IT MAY not have been the final that the majority of the crowd wanted but Ibrox hosted the final that this compelling competition deserved with the best two teams in world sevens slogging it out like a couple of prize fighters on the famous old football field.
The stand was packed with the great and the good, Lord Coe, Sir Ming Campbell and IRB boss Bernard Lapasset amongst them; everyone wanted a seat at Ibrox.
Those lucky enough to bag one witnessed a magnificent final and the end of an era with New Zealand losing a game of sevens for the first time in five Commonwealth Games and 30 matches. South Africa’s cause was not helped by losing their skipper Kyle Brown to injury in the early exchanges. The Kiwis weren’t helped by losing Bryce Heem to the sin bin in the first half.
Ben Stowers opened the scoring for New Zealand, Seabelo Senatla responded for the BlitzBokke against a six-man defence at the end of the first half and the same player scored against the full complement of Kiwis at the start of the second. It was only appropriate that Cecil Afrika, the heartbeat of this South African side, scored the decisive try from the halfway line using turnover ball. Joe Webber grabbed one back for New Zealand but a knock-on let South Africa off the hook and that strange new sensation that the Kiwis experienced was the rare taste of defeat.
In truth a few cracks had already appeared in the New Zealand’s imposing super-structure earlier in the contest. Not only did Scotland push them close in the pool stages on Saturday but yesterday afternoon Kenya were trailing by just 12-7 late in the second half. The Kenyans had their chances but couldn’t convert and they needlessly kicked away possession. The Kiwis are nothing if not ruthless. They had one opportunity to score and Ben Lam made no mistake, carving his way through some tired legs to make the game safe.
After surviving that scare the Kiwis saw off their trans-Tasmin neighbours in the semi-final. Even below their best the Blacks were too good for the gold shirted Australians, scoring three tries to one in a match that was a lot closer than the final score suggested. The best match of the tournament had already come and gone in the quarter-finals when Wales shrugged off Saturday’s lethargy and raced into a 19-0 lead against Australia. Gareth Davies kicked two conversions but hit the post with the third which was to prove costly. The Aussies worked their way back into contention with one try in the first half and another after the break.
When the final hooter signalled 14 minutes was up the Australians were deep inside their own half and trailing by five points. They kept the ball alive and slowly worked their way up-field helped by Welsh indiscipline. Eventually Pama Fou broke Welsh resistance and hearts several minutes after full-time with a well taken try under the posts after the Welsh dragons simply ran out of puff. Cameron Clark made no mistake with the conversion from point-blank range.
England enjoyed a ding dong battle with Samoa in the third of the quarters but their hopes were not helped when James Rodwell was sent to the sin bin for a late challenge on Samoan try-scorer Samoa Toloa. The hooter had gone but Samoa tapped the resulting penalty on the half-way line and the same man scampered over in the opposite corner to rub salt in Rodwell’s wounds. Lio Lolo then scored the try of the tournament in the second half when he touched down, turned turtle in mid-air after a challenge by Philip Burgess sent him flying in a very literal sense.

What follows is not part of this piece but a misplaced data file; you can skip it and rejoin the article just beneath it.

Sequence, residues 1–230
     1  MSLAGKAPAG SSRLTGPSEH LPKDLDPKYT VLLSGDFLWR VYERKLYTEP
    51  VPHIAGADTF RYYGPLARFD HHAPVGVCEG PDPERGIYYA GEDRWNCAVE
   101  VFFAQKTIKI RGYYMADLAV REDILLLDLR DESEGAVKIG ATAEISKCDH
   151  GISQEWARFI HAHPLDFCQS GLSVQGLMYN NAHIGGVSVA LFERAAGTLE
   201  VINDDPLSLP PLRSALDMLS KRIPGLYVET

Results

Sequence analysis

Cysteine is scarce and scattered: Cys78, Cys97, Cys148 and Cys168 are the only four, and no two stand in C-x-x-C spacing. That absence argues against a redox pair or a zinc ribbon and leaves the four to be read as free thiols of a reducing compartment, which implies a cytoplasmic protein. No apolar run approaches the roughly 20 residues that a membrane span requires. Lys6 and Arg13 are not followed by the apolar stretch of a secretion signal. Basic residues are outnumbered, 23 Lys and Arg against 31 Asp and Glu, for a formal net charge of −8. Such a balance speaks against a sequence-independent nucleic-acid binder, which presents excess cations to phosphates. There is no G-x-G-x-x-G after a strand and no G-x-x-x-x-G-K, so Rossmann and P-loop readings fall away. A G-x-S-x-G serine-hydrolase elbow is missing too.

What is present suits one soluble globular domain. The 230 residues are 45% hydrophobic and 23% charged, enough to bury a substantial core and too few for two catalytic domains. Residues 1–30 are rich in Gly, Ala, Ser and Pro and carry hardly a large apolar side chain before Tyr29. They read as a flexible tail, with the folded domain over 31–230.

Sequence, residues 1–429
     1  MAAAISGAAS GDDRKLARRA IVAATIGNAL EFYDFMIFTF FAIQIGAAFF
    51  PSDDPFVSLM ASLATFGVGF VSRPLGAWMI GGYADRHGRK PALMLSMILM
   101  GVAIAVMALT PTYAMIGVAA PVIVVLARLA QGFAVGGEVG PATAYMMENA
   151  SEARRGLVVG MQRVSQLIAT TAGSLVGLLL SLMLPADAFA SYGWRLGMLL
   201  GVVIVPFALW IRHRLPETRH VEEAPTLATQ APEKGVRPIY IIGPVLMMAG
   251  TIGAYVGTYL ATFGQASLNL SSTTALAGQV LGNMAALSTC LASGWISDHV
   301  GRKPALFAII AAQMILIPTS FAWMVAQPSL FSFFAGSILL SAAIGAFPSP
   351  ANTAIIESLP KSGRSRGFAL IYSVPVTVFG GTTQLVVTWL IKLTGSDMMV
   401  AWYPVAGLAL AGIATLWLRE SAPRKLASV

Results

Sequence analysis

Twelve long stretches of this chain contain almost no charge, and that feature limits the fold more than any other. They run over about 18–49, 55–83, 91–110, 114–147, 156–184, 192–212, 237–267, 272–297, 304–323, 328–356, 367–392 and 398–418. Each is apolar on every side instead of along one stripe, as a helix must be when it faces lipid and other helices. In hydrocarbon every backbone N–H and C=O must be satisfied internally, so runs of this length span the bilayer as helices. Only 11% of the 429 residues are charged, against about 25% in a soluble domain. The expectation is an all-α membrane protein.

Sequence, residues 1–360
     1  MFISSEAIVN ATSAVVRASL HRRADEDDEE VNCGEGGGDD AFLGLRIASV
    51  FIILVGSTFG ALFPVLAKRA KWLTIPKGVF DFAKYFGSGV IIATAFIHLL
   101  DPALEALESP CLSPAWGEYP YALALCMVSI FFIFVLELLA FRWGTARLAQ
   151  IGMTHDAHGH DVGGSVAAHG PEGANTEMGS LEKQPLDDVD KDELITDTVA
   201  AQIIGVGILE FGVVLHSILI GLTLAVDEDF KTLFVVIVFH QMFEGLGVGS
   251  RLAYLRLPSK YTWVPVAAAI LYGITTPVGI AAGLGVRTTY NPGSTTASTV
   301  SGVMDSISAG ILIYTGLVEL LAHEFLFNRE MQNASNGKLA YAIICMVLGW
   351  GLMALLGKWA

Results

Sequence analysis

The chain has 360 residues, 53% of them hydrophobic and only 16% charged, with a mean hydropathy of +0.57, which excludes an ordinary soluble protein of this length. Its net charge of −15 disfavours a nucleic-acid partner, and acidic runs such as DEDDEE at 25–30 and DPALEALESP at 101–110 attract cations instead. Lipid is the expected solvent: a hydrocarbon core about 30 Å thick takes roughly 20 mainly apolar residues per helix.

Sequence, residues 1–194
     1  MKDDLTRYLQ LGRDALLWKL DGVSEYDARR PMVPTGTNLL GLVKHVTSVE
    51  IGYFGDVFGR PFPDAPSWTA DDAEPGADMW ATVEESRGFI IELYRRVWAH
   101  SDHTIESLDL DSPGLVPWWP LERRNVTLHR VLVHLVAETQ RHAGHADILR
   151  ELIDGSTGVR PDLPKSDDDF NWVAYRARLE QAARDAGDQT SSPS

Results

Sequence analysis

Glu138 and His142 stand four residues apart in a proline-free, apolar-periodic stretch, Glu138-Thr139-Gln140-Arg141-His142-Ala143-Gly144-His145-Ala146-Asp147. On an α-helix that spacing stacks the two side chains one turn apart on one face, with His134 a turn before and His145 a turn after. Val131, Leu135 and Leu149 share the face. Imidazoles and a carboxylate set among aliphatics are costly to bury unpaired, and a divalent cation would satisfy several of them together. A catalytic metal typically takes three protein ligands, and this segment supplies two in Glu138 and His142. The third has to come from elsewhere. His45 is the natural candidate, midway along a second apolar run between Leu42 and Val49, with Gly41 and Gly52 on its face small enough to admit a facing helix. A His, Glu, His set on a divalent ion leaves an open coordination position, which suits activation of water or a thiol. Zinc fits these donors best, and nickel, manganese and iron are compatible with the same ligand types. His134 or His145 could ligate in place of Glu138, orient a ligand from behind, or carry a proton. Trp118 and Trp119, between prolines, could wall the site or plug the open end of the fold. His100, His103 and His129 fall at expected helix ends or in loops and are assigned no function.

The Samoans were not so acrobatic or so fortunate against South Africa in the semi-final after the quickest team in the tournament had earlier showed Scotland the exit with a stunning combination of power and pace in the last of the quarter-finals. The Africans scored five tries to two to end Scotland’s medal hopes and they brushed past Samoa in the semi-final by 35-7 despite the islanders drawing first blood but were helped when Samoa also drew the first two yellow cards in short order.
When all the totting up had finished Sri Lanka were popular winners of the shield, Canada beat the Cook Islands to claim the bowl and, after Scotland’s interest was ended at the semi-final, England edged Wales with a last-gasp try to win the second tier plate. Australia beat Samoa in the bronze medal playoff.
Lapasset and Brett Gosper, chairman and chief executive of the IRB respectively, were interested spectators all weekend with one eye on Rio 2016 when sevens enters the Olympics with 12 teams of men and women. As things stand rugby is guaranteed just two appearances, Rio and Tokyo in 2020, but a good showing in Brazil could see sevens adopted as a core Olympic sport. “We don’t get a second chance to make a first impression,” as Gosper put it.
The IRB need good showings at all sevens events to impress the International Olympic Committee and while they expressed delight at the Ibrox crowds, which they dubbed “crazy, fantastic”, they were presumably a little less taken by the turnout at Scotstoun a few months back for the IRB’s own event.
The venues/dates for the next round of the IRB sevens series will be announced in October. Scotland are guaranteed one more event (in 2015) before any changes but the poor attendance at Scotstoun may see Glasgow lose the IRB’s franchise to a newcomer like Vancouver. If Glasgow does hold onto the IRB franchise the city and the SRU will have the undiluted enthusiasm of the Ibrox crowd this weekend to thank.